Pulsatile insulin release: role of cytoplasmic Ca2+ oscillations

Diabetes Metab. 1998 Feb;24(1):41-5.


Oscillations of plasma insulin are essential for the hypoglycaemic effect of the hormone. Disturbance and partial loss of these oscillations occur during the development of Type 2 diabetes, in association with down-regulation of insulin receptors and insulin resistance. Oscillations with a frequency similar to that of plasma insulin have been observed in the cytoplasmic Ca2+ concentration ([Ca2+]i) of pancreatic beta cells, indicating that the ion plays a role in generating insulin pulses. Studies of individual islets have revealed that oscillations of [Ca2+]i and insulin release are synchronous. However, insulin release is also pulsatile under conditions in which [Ca2+]i is stable. These results support the notion that variations in the ATP/ADP ratio are sufficient to induce pulsatile insulin release. Under physiological conditions, this pulsatility may depend on the synergistic effects of ATP/ADP and [Ca2+]i oscillations.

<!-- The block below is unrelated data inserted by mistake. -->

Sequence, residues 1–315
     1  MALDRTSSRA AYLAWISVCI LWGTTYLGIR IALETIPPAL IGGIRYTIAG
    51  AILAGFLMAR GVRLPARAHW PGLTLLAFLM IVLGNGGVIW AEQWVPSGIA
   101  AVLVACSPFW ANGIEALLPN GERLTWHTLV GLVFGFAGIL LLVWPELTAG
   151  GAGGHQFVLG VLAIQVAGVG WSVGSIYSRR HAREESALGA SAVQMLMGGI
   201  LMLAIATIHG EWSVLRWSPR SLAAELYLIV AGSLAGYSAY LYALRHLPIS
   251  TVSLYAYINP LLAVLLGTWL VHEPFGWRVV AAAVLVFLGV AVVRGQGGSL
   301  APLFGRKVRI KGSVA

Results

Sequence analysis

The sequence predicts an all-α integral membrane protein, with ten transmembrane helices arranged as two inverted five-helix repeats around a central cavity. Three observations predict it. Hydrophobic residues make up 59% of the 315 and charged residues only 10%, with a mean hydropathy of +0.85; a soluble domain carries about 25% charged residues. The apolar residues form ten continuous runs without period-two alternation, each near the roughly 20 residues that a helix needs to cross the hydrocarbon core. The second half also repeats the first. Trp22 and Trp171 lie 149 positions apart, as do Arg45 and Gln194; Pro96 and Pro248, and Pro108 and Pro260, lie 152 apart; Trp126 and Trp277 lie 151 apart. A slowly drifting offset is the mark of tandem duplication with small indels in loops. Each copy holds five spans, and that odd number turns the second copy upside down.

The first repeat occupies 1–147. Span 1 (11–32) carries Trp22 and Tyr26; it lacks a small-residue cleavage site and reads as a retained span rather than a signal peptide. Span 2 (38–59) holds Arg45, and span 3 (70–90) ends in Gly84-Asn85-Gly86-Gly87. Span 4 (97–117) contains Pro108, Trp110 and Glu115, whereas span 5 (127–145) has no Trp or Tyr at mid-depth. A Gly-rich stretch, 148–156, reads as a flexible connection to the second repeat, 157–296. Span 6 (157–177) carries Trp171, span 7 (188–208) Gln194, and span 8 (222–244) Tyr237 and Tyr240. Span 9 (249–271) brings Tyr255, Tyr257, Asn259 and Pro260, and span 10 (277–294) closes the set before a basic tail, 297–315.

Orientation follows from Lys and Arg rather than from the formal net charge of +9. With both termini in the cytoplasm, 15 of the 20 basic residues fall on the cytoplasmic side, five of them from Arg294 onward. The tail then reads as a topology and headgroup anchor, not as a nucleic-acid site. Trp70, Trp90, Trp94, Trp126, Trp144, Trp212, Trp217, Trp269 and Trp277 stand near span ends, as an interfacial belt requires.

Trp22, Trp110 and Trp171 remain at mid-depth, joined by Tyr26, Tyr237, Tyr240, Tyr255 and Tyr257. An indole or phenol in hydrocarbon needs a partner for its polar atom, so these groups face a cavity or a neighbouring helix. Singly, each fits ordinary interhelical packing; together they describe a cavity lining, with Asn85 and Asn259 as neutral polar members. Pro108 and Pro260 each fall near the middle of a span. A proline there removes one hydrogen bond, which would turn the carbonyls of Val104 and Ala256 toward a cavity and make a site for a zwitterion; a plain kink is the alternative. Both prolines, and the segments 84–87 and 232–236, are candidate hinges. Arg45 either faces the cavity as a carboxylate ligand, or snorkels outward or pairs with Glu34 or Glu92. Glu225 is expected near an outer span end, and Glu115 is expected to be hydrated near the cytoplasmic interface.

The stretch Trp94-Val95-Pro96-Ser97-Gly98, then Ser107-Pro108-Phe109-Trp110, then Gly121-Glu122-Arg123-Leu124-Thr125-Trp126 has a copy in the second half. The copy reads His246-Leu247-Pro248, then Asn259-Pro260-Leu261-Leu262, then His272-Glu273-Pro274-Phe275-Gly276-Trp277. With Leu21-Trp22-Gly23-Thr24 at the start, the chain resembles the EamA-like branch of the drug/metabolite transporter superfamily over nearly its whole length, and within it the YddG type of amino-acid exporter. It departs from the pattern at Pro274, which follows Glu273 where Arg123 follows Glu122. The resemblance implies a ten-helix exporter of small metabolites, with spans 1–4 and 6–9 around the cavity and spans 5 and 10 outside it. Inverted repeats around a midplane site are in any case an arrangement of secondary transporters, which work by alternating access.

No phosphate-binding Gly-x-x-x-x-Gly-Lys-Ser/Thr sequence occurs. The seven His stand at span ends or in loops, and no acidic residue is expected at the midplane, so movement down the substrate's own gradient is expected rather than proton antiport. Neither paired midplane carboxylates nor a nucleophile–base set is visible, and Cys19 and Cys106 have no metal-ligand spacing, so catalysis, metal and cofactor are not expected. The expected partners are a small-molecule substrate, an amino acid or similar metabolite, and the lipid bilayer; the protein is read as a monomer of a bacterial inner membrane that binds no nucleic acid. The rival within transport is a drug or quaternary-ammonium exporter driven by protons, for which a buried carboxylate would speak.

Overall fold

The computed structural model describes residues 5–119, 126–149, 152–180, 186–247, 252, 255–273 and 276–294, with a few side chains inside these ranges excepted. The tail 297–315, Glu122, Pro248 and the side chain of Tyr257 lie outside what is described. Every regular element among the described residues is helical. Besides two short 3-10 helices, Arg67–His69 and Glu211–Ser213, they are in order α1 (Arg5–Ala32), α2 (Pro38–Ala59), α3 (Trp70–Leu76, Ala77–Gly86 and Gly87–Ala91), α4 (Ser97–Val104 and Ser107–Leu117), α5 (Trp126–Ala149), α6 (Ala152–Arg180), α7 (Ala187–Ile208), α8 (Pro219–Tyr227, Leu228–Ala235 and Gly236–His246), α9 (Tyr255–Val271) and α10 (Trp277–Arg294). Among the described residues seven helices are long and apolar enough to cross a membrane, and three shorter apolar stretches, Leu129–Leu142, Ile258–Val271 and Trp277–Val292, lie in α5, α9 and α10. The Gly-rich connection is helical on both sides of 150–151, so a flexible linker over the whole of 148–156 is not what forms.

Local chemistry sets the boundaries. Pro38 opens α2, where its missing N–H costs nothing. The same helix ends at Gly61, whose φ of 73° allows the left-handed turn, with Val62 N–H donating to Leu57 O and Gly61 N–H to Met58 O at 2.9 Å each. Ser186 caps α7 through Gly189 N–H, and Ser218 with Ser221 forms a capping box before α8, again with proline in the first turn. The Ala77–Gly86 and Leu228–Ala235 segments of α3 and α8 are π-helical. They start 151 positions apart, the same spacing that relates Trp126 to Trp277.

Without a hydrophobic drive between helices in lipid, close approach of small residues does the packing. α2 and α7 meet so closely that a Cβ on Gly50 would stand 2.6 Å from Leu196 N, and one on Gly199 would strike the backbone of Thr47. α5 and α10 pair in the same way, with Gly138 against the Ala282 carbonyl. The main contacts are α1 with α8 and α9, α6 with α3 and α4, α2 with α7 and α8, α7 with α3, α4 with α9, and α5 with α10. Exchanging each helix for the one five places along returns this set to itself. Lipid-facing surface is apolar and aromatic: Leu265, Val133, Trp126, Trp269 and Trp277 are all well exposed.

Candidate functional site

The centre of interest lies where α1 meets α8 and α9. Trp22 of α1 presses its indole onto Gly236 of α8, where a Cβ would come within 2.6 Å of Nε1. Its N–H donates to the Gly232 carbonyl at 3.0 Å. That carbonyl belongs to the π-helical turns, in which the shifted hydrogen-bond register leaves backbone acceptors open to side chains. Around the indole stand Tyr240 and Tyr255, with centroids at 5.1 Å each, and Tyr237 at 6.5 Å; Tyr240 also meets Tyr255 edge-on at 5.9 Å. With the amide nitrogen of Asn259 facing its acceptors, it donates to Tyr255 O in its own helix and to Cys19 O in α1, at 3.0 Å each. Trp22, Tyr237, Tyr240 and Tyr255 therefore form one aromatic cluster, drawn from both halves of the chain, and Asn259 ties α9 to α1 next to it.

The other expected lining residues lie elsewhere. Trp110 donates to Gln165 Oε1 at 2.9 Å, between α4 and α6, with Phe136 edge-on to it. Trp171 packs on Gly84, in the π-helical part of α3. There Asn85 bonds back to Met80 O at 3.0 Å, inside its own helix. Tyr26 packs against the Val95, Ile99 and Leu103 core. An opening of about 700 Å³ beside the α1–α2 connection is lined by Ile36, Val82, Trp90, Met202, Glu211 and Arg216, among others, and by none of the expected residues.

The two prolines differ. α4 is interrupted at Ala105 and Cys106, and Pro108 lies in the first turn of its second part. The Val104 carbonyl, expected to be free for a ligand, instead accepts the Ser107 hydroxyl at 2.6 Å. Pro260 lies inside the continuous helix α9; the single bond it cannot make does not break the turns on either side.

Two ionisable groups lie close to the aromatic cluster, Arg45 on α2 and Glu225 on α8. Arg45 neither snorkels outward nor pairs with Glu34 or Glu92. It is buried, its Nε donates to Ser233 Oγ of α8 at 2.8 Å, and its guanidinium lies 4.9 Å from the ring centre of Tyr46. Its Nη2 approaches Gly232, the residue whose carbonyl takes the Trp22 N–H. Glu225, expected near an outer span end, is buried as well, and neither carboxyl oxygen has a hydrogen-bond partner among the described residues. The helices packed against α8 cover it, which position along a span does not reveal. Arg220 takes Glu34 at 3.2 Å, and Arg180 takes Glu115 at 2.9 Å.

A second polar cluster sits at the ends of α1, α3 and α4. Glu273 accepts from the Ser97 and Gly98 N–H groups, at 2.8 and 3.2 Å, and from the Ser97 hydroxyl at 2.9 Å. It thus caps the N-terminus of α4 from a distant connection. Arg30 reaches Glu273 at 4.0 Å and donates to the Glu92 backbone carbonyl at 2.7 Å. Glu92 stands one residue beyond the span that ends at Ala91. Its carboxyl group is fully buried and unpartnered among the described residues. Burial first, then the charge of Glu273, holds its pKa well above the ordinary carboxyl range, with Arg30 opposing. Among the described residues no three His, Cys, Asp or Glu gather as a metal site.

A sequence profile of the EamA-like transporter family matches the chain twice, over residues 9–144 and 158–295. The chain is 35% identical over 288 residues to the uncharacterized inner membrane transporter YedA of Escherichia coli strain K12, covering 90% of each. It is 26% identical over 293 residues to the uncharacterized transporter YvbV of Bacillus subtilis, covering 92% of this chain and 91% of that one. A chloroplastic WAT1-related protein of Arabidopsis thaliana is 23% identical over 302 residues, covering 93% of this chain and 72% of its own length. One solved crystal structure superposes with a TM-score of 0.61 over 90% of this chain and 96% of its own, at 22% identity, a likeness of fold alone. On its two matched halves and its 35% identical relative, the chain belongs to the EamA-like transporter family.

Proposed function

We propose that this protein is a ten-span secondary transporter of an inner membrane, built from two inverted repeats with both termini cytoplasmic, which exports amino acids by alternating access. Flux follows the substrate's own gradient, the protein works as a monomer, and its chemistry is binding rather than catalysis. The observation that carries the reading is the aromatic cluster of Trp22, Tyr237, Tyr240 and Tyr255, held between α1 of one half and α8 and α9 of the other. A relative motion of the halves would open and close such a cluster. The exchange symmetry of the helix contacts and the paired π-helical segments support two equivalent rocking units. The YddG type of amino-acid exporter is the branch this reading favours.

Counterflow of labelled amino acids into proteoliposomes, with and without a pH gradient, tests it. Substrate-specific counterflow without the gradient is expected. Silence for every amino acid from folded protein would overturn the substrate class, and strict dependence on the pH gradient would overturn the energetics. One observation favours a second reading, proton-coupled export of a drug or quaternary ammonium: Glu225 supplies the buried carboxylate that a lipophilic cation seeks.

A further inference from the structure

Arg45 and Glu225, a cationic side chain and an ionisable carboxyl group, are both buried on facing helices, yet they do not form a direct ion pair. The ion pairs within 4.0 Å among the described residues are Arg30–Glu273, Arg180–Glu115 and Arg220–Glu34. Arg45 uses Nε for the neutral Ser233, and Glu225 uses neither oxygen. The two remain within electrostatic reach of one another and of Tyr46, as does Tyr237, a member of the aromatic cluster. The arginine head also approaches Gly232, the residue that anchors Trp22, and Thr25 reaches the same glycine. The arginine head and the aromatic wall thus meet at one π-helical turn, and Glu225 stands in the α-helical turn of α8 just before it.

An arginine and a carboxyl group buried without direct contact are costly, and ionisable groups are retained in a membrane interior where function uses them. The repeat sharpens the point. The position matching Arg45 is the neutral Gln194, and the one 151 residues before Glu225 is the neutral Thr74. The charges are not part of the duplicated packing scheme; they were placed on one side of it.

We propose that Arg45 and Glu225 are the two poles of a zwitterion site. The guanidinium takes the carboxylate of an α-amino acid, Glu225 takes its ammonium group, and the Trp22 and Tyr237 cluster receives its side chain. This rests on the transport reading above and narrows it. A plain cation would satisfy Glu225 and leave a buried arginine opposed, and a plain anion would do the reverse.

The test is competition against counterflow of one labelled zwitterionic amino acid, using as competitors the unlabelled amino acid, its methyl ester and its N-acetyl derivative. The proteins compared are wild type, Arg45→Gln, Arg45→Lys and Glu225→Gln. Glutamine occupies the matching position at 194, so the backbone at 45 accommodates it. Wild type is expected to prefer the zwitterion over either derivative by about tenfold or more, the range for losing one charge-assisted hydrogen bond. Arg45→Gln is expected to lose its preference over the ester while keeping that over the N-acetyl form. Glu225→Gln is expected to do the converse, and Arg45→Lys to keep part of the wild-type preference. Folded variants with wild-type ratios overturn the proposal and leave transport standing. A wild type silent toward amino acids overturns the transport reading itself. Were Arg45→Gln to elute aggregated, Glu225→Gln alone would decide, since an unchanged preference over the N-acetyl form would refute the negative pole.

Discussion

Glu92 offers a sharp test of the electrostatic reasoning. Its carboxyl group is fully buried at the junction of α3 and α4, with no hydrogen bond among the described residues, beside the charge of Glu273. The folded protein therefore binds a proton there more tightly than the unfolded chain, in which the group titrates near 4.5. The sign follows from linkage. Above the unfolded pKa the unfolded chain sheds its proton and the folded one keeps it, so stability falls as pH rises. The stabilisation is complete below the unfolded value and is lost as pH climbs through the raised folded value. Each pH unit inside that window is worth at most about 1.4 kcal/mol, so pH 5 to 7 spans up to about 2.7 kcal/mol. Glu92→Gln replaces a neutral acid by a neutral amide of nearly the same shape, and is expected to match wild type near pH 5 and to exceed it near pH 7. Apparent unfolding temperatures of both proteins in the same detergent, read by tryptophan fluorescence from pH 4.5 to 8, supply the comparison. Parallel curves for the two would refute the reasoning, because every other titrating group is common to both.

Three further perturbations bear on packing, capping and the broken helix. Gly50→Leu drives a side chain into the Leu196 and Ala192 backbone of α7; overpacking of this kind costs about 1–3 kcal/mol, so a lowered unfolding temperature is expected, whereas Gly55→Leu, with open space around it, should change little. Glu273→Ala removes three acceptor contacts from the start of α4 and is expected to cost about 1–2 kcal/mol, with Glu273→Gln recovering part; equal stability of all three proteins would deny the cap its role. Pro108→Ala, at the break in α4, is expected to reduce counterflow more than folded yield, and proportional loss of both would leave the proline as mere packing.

Publication types

  • Research Support, Non-U.S. Gov't
  • Review

MeSH terms

  • Animals
  • Calcium / metabolism*
  • Cytoplasm / metabolism*
  • Humans
  • Insulin / metabolism*
  • Insulin Secretion
  • Oscillometry
  • Secretory Rate


  • Insulin
  • Calcium